Alphabetical Order: Q


Q – The Voice of Q, Philly World Records 1982

Yes, pedants, it’s cheating. This should strictly speaking be filed under T. But Q’s ‘The Voice of Q’,  is the finest Q related vocoder funk track you’ll ever hear. It’s the national anthem of Q, goddamit! Anyway, now I’ve got that awkward justification out of the way let’s talk about the music.

Voice of Q came out in 1982 on the small Philly World imprint, a label that went on to put out some choice boogie and disco classics including such gems as Cashmere’s Do it Any Way You Wanna and Terri Wells I’m Giving All My Love. Q was the pseudonym for producers/writers Bruce Weeden and Michael Forte who worked at Alpha International studios in Philadelphia – a production hothouse that acted as a production line for some of the finest boogie brought into being.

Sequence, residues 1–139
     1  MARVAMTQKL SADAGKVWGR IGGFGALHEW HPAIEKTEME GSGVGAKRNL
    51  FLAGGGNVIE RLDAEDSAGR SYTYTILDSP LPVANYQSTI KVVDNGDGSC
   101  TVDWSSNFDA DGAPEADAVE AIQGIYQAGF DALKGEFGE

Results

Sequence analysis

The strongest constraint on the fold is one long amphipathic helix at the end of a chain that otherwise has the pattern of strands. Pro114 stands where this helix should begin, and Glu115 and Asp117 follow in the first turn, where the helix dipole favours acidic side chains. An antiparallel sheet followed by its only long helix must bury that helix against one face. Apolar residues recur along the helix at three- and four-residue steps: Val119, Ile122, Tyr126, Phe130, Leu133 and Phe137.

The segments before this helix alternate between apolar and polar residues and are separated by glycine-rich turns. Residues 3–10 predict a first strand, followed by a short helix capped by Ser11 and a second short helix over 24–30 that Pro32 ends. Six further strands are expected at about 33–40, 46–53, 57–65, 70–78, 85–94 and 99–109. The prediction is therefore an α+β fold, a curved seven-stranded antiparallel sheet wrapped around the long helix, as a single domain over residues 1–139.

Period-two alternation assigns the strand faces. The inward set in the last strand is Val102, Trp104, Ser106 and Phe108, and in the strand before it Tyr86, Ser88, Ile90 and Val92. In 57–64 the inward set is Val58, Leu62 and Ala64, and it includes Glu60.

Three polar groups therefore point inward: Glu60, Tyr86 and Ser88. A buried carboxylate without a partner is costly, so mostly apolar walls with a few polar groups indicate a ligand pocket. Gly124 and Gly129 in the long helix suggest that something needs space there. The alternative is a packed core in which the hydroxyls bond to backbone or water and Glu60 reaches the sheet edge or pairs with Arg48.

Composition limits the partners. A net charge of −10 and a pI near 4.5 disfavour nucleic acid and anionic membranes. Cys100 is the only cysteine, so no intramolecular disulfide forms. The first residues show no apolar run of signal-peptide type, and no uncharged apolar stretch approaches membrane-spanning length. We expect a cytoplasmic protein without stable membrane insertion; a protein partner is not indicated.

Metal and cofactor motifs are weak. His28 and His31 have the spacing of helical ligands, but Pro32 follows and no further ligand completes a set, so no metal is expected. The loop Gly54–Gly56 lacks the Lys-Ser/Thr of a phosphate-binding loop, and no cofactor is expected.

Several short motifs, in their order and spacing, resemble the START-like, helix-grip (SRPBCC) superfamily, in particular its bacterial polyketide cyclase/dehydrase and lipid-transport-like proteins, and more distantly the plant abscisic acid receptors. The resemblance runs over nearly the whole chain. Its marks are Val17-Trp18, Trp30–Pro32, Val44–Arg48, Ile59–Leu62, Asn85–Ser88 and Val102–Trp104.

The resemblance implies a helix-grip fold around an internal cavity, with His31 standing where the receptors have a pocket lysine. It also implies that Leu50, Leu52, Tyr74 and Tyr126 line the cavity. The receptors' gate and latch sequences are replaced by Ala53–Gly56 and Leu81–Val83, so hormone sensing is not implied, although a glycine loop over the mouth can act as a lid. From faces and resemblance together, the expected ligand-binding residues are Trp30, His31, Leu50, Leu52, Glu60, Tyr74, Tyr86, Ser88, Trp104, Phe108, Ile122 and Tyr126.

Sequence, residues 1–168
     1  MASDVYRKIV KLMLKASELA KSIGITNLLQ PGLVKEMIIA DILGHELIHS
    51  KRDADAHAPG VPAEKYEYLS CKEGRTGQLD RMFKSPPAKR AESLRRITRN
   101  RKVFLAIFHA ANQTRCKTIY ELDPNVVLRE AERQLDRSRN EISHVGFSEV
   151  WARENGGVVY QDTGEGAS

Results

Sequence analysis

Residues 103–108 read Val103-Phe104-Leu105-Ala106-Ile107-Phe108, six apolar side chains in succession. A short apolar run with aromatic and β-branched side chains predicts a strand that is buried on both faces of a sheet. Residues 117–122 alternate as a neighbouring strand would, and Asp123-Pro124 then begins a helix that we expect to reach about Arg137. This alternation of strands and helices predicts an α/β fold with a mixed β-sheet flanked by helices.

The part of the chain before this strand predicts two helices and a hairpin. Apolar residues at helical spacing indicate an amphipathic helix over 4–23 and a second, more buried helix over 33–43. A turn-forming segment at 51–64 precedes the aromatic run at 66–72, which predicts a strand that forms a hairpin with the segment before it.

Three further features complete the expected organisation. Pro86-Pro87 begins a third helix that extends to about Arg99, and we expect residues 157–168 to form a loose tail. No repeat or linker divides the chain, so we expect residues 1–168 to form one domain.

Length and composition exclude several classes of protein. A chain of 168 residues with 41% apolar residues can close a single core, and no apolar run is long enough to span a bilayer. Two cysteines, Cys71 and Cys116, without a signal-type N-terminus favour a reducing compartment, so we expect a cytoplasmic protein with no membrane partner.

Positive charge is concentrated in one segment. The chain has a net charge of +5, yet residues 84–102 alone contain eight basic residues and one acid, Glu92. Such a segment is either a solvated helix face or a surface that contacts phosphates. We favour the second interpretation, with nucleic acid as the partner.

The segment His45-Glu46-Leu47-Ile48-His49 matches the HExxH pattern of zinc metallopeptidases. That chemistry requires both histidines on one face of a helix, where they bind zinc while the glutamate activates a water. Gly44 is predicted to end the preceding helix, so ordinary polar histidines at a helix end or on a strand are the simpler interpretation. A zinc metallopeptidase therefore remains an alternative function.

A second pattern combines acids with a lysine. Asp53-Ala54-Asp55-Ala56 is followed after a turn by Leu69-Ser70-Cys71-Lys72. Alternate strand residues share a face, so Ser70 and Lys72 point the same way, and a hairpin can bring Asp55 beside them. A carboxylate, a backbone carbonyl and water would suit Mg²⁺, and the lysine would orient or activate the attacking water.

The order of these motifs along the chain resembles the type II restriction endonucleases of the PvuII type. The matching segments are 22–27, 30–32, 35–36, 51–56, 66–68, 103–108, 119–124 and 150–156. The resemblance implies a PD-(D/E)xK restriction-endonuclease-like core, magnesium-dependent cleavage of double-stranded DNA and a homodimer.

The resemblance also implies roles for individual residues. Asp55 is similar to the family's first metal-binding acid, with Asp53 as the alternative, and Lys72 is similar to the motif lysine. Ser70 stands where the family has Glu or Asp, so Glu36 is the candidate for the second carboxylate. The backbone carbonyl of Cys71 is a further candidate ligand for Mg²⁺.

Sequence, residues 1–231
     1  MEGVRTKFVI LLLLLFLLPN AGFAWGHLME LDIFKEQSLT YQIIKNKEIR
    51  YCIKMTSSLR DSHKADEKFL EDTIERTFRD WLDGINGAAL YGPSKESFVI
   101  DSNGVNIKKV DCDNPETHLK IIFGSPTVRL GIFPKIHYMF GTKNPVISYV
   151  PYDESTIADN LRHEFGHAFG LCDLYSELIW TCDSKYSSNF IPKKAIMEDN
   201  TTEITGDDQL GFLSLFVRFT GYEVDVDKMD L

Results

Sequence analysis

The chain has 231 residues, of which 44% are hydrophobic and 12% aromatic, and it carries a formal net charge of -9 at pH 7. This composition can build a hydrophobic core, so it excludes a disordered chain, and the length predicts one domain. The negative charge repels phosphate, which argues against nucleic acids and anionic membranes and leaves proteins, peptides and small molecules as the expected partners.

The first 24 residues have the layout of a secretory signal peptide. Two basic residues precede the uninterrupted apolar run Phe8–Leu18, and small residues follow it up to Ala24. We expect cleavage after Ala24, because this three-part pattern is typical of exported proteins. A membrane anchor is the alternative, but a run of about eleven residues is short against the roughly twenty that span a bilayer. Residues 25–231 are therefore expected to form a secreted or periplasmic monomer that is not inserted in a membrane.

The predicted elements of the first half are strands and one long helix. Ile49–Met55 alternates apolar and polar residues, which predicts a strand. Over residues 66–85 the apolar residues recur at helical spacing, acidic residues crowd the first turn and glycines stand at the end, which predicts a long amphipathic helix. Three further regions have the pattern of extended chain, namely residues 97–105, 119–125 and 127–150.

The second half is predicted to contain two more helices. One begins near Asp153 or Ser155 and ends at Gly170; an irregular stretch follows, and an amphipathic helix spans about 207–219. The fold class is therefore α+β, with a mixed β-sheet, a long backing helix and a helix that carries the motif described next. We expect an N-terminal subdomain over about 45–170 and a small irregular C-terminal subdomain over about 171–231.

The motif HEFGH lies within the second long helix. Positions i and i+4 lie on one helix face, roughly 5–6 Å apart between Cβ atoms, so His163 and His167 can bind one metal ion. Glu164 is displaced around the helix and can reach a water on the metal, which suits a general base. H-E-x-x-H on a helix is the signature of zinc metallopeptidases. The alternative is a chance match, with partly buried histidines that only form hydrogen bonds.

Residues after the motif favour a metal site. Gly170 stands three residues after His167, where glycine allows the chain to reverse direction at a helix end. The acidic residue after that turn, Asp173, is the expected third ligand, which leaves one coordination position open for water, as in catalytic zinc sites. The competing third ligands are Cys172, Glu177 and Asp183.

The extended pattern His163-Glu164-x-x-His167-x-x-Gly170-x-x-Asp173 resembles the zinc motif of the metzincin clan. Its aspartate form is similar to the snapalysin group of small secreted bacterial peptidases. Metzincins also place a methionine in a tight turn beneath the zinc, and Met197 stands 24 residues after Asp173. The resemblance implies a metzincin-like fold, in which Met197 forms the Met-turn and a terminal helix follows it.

The bassline on The Voice of Q is ridiculously funky, a bouncing, popping and locking joy of slap and tickle. Crisp drums, a spooky synth line, a relatively well- sung male vocal and a tinkling arp prepare the ground for the voice of Q itself, a sinister disembodied vocoded alien that swoops over the track intoning:
‘This is the Voice of Q/Whatcha gotta do/Open your mind and listen/Prepare to receive transmission’.

Wooshes of spacy white noise snake in and out at the breakdown, and at the end we are treated to a child’s voice imploring Q, the lovable alien funkateer version of ET, to come back as he jets off in his spaceship shaped like a Prophet 5 synthesizer.  The instrumental version takes the track even further out into hyperspace and stretches the arrangement out to over seven minutes.

The Voice of Q is space funk at it’s finest, it sits high in a canon of offbeat early eighties classics that still get rinsed today – partly because the production and songwriting was so tight and influential but also because people’s imaginations have contracted to such a degree that they just don’t make em like this anymore.

Perhaps Q will return some day soon and put an end to all this hyper-compressed, formless and soul-less digital shite that masquerades as music nowadays. We can but hope.

By Joe Evans